author = "Liem, {Robert I} and Cheeling Chan and Vu, {Thanh Huyen T} and Myriam Fornage and Thompson, {Alexis A} and Kiang Liu and Carnethon, {Mercedes R}",
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Association among sickle cell trait, fitness, and cardiovascular risk factors in CARDIA. / Liem, Robert I; Chan, Cheeling; Vu, Thanh Huyen T; Fornage, Myriam; Thompson, Alexis A; Liu, Kiang; Carnethon, Mercedes R.

In: Blood, Vol. 129, No. 6, 09.02.2017, p. 723-728.

Research output: Contribution to journalArticle

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T1 - Association among sickle cell trait, fitness, and cardiovascular risk factors in CARDIA

AU - Liem, Robert I

AU - Chan, Cheeling

AU - Vu, Thanh Huyen T

AU - Fornage, Myriam

AU - Thompson, Alexis A

AU - Liu, Kiang

AU - Carnethon, Mercedes R

PY - 2017/2/9

Y1 - 2017/2/9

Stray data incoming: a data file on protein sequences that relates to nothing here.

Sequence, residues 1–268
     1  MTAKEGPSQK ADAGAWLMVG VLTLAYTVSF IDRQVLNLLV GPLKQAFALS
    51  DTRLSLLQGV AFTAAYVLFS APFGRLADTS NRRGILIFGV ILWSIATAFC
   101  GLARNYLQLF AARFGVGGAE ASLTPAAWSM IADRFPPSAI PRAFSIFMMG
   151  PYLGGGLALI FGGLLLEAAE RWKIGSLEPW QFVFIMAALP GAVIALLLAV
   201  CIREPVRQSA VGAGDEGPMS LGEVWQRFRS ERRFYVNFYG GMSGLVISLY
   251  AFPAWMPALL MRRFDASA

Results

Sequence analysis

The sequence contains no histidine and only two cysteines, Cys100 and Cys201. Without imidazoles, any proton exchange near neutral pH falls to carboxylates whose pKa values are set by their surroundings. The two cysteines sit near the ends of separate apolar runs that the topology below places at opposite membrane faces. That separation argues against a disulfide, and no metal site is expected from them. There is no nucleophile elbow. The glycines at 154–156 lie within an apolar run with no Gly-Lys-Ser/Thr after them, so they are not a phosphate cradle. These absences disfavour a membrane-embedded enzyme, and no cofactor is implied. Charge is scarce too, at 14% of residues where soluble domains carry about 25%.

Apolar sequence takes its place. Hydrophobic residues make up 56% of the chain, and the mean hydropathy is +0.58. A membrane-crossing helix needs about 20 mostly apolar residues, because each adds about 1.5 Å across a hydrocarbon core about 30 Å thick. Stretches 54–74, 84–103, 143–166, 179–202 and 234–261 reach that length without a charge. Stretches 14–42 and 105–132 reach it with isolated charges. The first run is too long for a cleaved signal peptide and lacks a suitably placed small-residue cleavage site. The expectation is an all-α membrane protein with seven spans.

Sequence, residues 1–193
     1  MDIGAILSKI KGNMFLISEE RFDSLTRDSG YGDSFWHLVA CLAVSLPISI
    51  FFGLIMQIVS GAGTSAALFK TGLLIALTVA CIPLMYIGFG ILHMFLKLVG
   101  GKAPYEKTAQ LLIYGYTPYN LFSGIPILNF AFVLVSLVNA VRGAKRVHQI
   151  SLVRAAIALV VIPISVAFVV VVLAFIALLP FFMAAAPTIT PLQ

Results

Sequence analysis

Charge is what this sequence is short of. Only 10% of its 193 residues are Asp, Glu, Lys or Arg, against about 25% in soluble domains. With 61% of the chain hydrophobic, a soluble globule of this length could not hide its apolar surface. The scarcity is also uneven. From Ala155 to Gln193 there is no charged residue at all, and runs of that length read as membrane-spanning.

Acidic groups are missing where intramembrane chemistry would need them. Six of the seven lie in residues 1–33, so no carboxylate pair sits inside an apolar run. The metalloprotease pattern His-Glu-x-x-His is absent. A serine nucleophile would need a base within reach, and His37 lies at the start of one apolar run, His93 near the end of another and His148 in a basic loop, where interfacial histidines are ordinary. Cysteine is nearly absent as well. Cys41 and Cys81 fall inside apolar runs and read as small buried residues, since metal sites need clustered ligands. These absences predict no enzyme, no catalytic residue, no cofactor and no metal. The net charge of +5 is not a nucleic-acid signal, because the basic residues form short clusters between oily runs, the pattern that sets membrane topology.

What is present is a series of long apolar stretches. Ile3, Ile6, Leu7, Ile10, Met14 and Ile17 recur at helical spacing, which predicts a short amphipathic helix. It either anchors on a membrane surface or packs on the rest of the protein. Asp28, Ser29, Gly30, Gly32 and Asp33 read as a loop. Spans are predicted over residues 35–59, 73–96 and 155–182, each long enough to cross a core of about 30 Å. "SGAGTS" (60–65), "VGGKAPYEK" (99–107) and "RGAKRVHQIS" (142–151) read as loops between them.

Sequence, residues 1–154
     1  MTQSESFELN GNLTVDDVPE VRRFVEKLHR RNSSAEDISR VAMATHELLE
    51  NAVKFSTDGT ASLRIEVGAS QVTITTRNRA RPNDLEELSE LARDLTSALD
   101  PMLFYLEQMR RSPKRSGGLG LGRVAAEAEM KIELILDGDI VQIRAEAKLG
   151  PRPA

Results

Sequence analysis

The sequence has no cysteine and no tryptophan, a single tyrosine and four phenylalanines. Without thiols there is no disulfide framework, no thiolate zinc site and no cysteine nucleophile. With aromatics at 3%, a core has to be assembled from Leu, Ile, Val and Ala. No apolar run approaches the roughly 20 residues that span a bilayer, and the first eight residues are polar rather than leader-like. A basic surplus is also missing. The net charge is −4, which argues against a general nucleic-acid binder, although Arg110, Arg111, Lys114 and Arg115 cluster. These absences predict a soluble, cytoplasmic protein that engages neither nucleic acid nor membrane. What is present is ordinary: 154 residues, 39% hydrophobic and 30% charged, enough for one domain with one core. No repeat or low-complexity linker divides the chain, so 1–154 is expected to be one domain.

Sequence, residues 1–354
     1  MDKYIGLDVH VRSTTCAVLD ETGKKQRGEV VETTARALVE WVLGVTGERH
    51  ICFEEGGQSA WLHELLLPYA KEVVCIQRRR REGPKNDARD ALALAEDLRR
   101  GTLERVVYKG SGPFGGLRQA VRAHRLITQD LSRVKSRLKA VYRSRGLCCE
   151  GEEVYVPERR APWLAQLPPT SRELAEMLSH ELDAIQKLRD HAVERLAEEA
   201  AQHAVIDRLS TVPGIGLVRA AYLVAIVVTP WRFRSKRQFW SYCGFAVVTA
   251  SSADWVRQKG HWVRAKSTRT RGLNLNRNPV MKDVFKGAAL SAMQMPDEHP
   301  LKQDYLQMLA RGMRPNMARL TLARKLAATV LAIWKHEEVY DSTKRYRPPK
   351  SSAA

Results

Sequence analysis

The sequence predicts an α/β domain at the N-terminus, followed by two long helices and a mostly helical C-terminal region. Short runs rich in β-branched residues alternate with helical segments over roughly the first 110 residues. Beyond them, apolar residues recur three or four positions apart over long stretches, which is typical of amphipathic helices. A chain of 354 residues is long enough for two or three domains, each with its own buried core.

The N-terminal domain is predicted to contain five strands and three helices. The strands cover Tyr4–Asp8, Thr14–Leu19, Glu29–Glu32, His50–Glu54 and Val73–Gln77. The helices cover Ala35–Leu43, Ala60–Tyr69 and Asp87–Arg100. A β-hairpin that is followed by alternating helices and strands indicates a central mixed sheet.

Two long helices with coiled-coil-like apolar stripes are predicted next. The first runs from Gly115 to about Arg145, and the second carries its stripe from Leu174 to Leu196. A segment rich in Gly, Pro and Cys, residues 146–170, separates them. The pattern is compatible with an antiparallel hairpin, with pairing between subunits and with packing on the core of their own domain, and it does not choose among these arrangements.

N2 - The contribution of sickle cell trait (SCT) to racial disparities in cardiopulmonary fitness is not known, despite concerns that SCT is associated with exertion-related sudden death. We evaluated the association of SCT status with cross-sectional and longitudinal changes in fitness and risk for hypertension, diabetes, and metabolic syndrome over the course of 25 years among 1995 African Americans (56% women, 18-30 years old) in the Coronary Artery Risk Development in Young Adults (CARDIA) study. Overall, the prevalence of SCT was 6.8% (136/1995) in CARDIA, and over the course of 25 years, 46% (738/1590), 18% (288/1631), and 40% (645/1,611) of all participants developed hypertension, diabetes, and metabolic syndrome, respectively. Compared with participants without SCT, participants with SCT had similar baseline measures of fitness in cross-section, including exercise duration (535 vs 540 seconds; P = .62), estimated metabolic equivalent of tasks (METs; 11.6 vs 11.7; P = .80), maximum heart rate (174 vs 175 beats/min; P = .41), and heart rate at 2 minutes recovery (44 vs 43 beats/min; P = .28). In our secondary analysis, there was neither an association of SCT status with longitudinal changes in fitness nor an association with development of hypertension, diabetes, or metabolic syndrome after adjustment for sex, baseline age, body mass index, fitness, and physical activity. SCT is not associated with reduced fitness in this longitudinal study of young African American adults, suggesting the increased risk for exertion-related sudden death in SCT carriers is unlikely related to fitness. SCT status also is not an independent risk factor for developing hypertension, diabetes, or metabolic syndrome.